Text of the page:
This longitudinal study looks at the pathways taken by students who were enrolled in first grade in Baltimore City during the 1999-2000 school year, focusing especially on mobility, enrollment, and attendance.


Strickland, V.P. (1998). Attendance and grade point average: A study. Report No. SP 038 147. Retrieved from ERIC database (ED 423224).

This research found positive correlations between attendance rates and grade point averages in Chicago high school students and uses these correlations to make recommendations to schools. 


Early Childhood


Attendance in Early Elementary Grades: Associations with Student Characteristics, School Readiness, and Third Grade Outcomes. (2011). Applied Survey Research. Retrieved from

This report uses longitudinal data to look at the effects of kindergarten readiness and early grades attendance on third-grade academic outcomes across socioeconomic levels.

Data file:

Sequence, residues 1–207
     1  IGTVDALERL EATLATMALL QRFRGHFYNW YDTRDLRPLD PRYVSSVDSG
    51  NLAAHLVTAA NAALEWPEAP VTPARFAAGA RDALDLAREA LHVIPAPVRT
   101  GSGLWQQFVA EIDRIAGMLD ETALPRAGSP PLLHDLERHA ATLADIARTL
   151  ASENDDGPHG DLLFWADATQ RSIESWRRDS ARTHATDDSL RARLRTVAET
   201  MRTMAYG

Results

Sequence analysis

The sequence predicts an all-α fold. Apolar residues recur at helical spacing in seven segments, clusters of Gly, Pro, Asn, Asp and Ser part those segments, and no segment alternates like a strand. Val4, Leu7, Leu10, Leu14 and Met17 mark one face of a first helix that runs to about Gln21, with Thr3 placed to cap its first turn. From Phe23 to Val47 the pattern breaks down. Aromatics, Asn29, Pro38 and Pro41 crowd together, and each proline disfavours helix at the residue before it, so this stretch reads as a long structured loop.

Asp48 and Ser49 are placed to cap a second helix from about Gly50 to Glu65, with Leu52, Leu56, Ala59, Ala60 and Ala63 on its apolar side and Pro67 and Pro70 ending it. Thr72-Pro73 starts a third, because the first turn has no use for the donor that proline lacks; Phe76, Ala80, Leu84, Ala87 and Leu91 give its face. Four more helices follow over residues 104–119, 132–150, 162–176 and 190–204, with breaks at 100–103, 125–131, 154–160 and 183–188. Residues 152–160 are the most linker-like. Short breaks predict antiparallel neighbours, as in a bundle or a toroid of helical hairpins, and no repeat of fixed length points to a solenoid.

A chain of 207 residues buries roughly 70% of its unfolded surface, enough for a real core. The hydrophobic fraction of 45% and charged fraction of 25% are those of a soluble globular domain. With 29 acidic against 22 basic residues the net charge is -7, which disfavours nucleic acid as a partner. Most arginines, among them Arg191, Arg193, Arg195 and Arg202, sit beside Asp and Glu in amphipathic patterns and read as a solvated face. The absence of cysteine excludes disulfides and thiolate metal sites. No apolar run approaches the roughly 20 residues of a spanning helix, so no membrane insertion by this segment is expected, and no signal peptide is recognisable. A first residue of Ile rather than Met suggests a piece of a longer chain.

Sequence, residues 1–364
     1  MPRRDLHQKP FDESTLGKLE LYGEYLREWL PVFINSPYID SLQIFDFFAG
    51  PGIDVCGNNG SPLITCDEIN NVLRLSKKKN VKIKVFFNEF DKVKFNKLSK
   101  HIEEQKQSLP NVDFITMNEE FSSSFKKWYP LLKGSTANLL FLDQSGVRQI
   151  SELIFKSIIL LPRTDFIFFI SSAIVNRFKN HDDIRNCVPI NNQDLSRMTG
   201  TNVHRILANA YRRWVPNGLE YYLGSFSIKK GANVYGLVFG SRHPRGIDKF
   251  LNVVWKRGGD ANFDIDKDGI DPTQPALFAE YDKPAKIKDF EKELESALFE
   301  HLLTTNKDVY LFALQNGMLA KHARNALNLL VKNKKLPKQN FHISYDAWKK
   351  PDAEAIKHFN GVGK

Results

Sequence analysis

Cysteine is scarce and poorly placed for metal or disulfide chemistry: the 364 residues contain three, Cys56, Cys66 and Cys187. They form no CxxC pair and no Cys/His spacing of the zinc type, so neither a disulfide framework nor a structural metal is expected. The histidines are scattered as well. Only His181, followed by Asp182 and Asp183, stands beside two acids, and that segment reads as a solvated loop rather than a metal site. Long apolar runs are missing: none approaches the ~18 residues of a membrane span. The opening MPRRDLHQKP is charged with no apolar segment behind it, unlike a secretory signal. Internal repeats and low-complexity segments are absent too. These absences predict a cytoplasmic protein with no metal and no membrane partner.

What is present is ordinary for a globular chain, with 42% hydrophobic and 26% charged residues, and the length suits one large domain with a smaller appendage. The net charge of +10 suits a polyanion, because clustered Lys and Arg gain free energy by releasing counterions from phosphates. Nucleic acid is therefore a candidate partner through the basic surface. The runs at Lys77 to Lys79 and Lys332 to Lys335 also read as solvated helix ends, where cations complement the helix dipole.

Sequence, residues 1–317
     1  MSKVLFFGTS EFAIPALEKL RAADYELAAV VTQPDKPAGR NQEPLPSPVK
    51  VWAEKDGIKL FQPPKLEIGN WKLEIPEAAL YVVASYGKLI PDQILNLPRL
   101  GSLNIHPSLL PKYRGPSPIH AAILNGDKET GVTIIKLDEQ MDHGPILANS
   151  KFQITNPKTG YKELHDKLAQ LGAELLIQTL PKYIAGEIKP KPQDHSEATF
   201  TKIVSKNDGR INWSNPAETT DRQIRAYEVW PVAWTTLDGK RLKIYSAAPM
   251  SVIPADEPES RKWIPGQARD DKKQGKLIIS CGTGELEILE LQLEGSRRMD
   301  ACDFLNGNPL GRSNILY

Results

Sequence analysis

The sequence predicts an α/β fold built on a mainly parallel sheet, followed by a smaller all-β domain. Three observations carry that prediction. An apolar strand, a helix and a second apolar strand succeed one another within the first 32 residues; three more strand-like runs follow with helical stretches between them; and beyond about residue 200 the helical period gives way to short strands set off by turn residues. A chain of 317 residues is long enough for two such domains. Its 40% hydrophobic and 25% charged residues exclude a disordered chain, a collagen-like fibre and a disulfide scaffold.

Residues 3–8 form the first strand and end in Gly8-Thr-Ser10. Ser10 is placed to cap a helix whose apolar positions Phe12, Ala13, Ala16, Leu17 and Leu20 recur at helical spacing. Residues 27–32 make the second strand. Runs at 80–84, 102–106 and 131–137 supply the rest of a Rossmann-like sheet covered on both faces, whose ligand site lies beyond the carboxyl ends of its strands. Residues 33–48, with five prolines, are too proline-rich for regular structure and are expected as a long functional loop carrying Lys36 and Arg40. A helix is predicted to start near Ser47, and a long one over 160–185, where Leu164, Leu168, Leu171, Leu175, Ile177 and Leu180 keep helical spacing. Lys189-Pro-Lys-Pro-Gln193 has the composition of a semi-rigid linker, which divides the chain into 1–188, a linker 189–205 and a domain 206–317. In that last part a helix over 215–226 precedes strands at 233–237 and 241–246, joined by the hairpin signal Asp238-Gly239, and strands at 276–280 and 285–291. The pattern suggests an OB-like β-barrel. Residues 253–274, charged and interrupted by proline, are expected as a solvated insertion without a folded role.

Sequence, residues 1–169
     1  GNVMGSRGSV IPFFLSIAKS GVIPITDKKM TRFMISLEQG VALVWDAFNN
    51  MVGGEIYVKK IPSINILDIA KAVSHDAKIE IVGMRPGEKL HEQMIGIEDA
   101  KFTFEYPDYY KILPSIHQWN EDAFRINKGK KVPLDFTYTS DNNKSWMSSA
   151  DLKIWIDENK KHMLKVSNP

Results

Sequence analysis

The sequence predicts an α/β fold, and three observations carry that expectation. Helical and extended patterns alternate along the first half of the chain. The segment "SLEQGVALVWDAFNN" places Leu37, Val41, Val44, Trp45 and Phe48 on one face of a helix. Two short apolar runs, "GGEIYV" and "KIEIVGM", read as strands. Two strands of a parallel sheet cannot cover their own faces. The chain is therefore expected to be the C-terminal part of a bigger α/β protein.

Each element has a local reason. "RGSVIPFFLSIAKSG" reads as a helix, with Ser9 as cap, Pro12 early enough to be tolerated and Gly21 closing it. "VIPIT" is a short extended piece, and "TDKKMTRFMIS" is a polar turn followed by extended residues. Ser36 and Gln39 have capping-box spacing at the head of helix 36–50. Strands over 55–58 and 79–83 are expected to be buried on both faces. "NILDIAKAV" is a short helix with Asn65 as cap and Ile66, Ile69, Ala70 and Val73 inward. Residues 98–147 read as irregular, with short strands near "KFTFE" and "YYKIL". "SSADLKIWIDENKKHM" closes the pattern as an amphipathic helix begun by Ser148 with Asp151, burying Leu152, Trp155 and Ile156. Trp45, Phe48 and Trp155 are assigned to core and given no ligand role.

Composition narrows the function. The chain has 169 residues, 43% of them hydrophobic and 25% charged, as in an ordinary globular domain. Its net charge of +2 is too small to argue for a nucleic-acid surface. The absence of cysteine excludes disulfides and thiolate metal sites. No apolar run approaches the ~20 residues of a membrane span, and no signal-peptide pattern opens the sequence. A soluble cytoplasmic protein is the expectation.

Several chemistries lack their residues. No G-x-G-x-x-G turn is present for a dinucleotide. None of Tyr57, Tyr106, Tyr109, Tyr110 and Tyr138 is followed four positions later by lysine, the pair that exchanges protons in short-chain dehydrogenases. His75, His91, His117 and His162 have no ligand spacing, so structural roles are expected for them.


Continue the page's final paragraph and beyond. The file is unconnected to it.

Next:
Attendance in the Early Grades: Why it Matters for Reading. (2014). Attendance Works, The Campaign for Grade-Level Reading. Retrieved from

This brief encourages schools to engage families in improving chronic absenteeism in order to increase proficiency levels at the elementary level.


Chang, H. and Romero, M. (September 2008). Present, Engaged, and Accounted For: The Critical Importance of Addressing Chronic Absence in the Early Grades. Retrieved from

This research from Baltimore-based Annie E. Casey Foundation looks at local and national attendance data to determine risk factors, frequency, and results of chronic absence between Kindergarten and third grade, as well as interventions that have been used to reduce and prevent it.


Connolly, F., Grigg, J., Cronister, C., D’Souza, S. (December 2015). Born in Baltimore. Baltimore BERC. Retrieved from